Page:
Will the real Jack Zduriencik please stand up?
Last month I wrote at Prospect Insider that there are many tasks on the offseason to-do list of the Seattle Mariners, and that among them is a return to GM Jack Zduriencik’s roots as the club’s head of baseball operations.
When Zduriencik first arrived in Seattle prior to the 2009 season, his first major move was a 3-team, 4-for-5 trade that essentially shipped out right-hander J.J. Putz in exchange for left-handed starter Jason Vargas and centerfielder Franklin Gutierrez.
That deal produced strong returns for the club, including four solid years from Vargas for bargain salaries, the best defensive centerfielder in the game. It’s not the results of that deal that are most important. It’s the approach.
Zduriencik went after value. Sure, he’d like to have to found some middle-of-the-order hitters to sprinkle in with a lineup that was going to get a lot younger over the ensuing seasons. Since that wasn’t in the cards — particularly since the club’s farm system was nearly void of premium talents with which to trade to acquire such players — Zduriencik went for defense, a little upside and value, and to get it he sacrificed a few easily-replaceable pieces, including the team’s closer.
A few weeks later the team made a deal with the Boston Red Sox for reclamation project David Aardsma, trading Class-A southpaw Fabian Williamson for the right to take a chance that Aardsma could get healthy and pitch late in games. He ended up the team’s full-time closer, saving 69 games combined over the next two seasons.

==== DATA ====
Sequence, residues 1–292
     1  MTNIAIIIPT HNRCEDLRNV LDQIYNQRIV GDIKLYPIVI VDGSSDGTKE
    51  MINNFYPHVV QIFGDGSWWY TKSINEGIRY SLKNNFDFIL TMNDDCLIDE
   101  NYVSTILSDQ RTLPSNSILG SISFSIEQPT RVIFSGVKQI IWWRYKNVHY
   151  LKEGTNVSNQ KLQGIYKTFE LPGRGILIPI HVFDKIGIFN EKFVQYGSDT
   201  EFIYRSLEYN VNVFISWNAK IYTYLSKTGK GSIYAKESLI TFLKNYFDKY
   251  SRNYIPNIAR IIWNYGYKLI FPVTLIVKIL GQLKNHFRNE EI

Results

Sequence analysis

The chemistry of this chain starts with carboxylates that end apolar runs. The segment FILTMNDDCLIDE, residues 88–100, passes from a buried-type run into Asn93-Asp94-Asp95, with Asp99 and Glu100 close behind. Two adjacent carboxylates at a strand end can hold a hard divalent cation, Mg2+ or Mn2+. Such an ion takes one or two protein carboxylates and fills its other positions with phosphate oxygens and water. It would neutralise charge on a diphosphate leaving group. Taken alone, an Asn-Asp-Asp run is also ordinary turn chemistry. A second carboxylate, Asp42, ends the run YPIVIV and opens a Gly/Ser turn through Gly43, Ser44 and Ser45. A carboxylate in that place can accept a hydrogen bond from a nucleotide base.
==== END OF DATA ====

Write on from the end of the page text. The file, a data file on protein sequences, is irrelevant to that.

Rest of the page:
Russell Branyan was brought in for one year at the bargain price of $1.4 million and posted a .347 on-base percentage and 31 home runs in 116 games, another shrewd, low-cost acquisition.
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Since that offseason there have been trades that have simply not worked out well for the Mariners, and even a few that have — Josh Lueke to Tampa Bay for John Jaso, for example — but after that first year at the helm, Zduriencik’s MO seemed to change, with the lone exception being the no-brainer deal that brought left-hander Cliff Lee to Seattle for half of the 2010 season.
Instead of value acquisitions that filtered in defense where offense was unavailable, on-base percentage and speed where power wasn’t available and inexpensive but quality pitching with upside and little risk, Zduriencik and his staff began to reach for the stars.
The July, 2011 trade that sent right-hander Doug Fister to the Detroit Tigers stands out most of all. Fister, at the time of the deal, was basically what Vargas was when the club acquired him from the Mets; cheap, reliable No. 4 starter type with years of club control remaining. In return, the M’s were hoping Casper Wells and/or Francisco Martinez would develop into an everyday player. Neither happened. Charlie Furbush wasn’t destined to remain in the rotation and Chance Ruffin regressed from potential late-inning relief arm to what we like to call the 4-A player who bounces back and forth between the big leagues and the minors.